I want to ask you a few questions, and I speak, of course, to all the members of the Church. Do you think a man who comes into the sacrament service in the spirit of prayer, humility, and worship, and who partakes of these emblems representing the body and blood of Jesus Christ, will knowingly break the commandments of the Lord? If a man fully realizes what it means when he partakes of the sacrament, that he covenants to take upon him the name of Jesus Christ and to always remember him and keep his commandments, and this vow is renewed week by week—do you think such a man will fail to pay his tithing? Do you think such a man will break the Sabbath day or disregard the Word of Wisdom? Do you think he will fail to be prayerful, and that he will not attend his quorum duties and other duties in the Church? It seems to me that such a thing as a violation of these sacred principles and duties is impossible when a man knows what it means to make such vows week by week unto the Lord and before the saints.
JFS seems to start with some good principles but it seems to manifest out into some more works based theology. It is always the aim of all Christian men and women who partake in the sacrament of communion that they will not ‘knowingly break the commandments of the Lord’. The vow is made with all sincerity but the consciousness of sin is always there with every Christian. The Christian knows that sin is only one step away due to humanity’s innate sinfulness. Communion is a recognition of our need to rely on the sacrifice of Jesus on the cross. For a man to reflect upon communion and come to a place where it is impossible for one to break the commandments is impossible. The burden is too high. Not only does it say that the grace that we remember in the sacrament is not enough, but also it rather explicitly states that one can actually achieve and work towards a goal that is actively impossible, that goal being not breaking a commandment week by week and attain salvation/attaining the celestial kingdom through works as well as grace. The emphasis is on perfection rather than a recommitment to grace and the sacrifice made by Jesus to forgive our sins. Given that the Moroni 5:2 verse as well as Moroni 4:3 are the sacramental prayers of blessings and one of the few ‘prayers of liturgical use’ in Mormon theology and practice, it also makes it quite clear that there is no prescribed act of penitence of confession as part of the sacrament of communion. Mainstream Christianity, no matter the theology of what occurs on the communion table, includes a period of reflection and/or prayers of confession and reconciliation to get oneself right with God, knowing that one has fallen short and will continue to do so whilst walking down the long and winding rod of sanctification until death and resurrection. The emphasis on perfection and works for God rather than confession and dependence on God is the key theological difference in this area of Christian/Mormon theological debate.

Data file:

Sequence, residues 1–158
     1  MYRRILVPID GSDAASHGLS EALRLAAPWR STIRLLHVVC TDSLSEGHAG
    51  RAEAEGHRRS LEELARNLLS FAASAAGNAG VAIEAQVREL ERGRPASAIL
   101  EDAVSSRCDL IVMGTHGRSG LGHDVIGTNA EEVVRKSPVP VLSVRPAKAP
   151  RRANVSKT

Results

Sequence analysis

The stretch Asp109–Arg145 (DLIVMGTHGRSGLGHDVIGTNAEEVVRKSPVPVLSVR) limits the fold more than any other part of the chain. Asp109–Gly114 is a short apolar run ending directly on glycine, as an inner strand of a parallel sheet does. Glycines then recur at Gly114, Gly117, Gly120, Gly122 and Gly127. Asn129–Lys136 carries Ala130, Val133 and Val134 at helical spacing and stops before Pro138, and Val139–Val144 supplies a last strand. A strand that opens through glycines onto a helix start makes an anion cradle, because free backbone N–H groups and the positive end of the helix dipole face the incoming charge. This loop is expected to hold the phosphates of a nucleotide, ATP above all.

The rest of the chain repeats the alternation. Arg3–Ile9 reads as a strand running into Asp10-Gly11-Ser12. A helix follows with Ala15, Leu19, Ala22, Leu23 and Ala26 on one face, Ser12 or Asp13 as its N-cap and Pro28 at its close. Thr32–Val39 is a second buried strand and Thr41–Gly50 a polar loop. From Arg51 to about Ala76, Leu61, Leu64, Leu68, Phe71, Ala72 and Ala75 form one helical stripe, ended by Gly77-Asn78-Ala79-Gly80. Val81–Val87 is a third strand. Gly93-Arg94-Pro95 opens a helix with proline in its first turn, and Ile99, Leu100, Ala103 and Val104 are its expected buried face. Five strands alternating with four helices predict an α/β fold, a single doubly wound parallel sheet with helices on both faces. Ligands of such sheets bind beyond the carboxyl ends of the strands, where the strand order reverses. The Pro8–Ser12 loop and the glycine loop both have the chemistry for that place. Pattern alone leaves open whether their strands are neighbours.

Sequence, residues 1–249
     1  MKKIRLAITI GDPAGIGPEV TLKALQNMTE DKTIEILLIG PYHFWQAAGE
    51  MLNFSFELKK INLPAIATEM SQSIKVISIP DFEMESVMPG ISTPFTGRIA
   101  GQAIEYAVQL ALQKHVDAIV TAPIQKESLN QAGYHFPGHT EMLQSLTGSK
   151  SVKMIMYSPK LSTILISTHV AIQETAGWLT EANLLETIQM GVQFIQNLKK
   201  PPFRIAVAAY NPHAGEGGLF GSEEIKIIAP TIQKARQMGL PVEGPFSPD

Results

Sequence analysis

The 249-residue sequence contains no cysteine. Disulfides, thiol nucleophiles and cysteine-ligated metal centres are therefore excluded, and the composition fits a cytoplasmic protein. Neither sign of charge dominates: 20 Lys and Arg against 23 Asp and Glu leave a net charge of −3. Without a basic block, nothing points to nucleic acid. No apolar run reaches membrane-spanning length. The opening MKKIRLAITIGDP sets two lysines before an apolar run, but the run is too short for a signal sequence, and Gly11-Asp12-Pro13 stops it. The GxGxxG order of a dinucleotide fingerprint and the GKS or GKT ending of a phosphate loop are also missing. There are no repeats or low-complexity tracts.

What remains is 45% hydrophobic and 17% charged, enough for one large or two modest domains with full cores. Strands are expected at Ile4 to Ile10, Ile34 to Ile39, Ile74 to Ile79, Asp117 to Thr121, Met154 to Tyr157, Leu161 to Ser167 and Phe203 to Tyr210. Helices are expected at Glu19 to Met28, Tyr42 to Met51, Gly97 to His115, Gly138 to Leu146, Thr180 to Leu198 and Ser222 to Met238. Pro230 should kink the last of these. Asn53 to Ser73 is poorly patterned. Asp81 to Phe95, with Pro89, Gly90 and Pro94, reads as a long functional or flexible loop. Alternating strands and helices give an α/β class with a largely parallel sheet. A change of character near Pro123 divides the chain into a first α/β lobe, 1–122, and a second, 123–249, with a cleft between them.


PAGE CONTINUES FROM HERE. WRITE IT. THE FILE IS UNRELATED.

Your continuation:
So what can we say for this chapter of JFS’s thought? We can say that there is a lot of theological thought and understanding that overlaps, as we have seen before. the understanding the importance and sacredness of the sacrament of communion. The conservative evangelical traditions of Christianity and the LDS almost have the same memorialist interpretation of what is going on at the communion table. What is being celebrated at the table is almost the same but the perhaps subtle differences are the key differences. Orthodox Christians focus in communion is to reflect on the work of Jesus on the cross remembered in the communion meal as part of the reconciliation of the relationship between God and man and the need for a repentance of sin. it may seem simplistic to say it is a grace focused activity but it cannot be denied that forgiveness and grace are the keys in the orthodox Christian sacrament. Whilst it would be most unfair to say that the LDS sacrament does not have forgiveness and grace at its heart, the different emphasis of perfection and observing the commandments instead of repentance for the times that we break those commandments are signs of the third element in Mormon theology, works. Mormonism, no matter what doctrine you investigate has works at the centre of obtaining the celestial kingdom and exaltation. Orthodox Christianity doesn’t.